3. The only confusing part can be your front panel connectors. The USB and audio are a block usually, very easy. The power LED, HD LED, power, reset buttons are a little trickier, but you manual will tell you how to hook them up. The color is positive and the white is negative. The LEDs have to be right, the power and reset switches can be backwards and won't hurt anything.
June 25, 2012 2:04:02 PM

Do it for the experience. One thing is to know the things that appear on the monitor, another thing is to know what is and happens inside the computer.

Prepare yourself by watching and reading several how-to videos and articles.

My first build was like a breeze. Read the motherboard manual. Be careful (especially with the CPU - drop it in the socket, do NOT push down or wiggle it at all). Take your time (use a whole day - there is lots to be done after building the computer too, like installing drivers etc etc etc).
June 25, 2012 5:58:32 PM

nafoni said:
Do it for the experience. One thing is to know the things that appear on the monitor, another thing is to know what is and happens inside the computer.

Prepare yourself by watching and reading several how-to videos and articles.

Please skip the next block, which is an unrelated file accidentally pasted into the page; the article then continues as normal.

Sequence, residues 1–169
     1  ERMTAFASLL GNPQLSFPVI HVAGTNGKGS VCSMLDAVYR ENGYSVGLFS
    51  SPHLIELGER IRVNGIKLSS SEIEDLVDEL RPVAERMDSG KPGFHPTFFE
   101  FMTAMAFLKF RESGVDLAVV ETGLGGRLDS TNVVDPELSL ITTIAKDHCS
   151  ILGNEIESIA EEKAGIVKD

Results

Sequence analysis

My first build was like a breeze. Read the motherboard manual. Be careful (especially with the CPU - drop it in the socket, do NOT push down or wiggle it at all). Take your time (use a whole day - there is lots to be done after building the computer too, like installing drivers etc etc etc).


Yes i really think the expierence will work for me,i want my world to take a turn somewhere to computer technologies,i am just 14,so i still can choose,its not late :) ,i already watched neweggs how to,ncix,and searching for more,cuz in every video i learn something new :) .And yes,i will try to control myself and not push the cpu,but what if i drop it a little bad?i mean i miss it?
June 25, 2012 6:35:11 PM

You aren't suppose to drop it from high point.lol Just a few mm from the soccket, if you line the notches up you can't miss.
!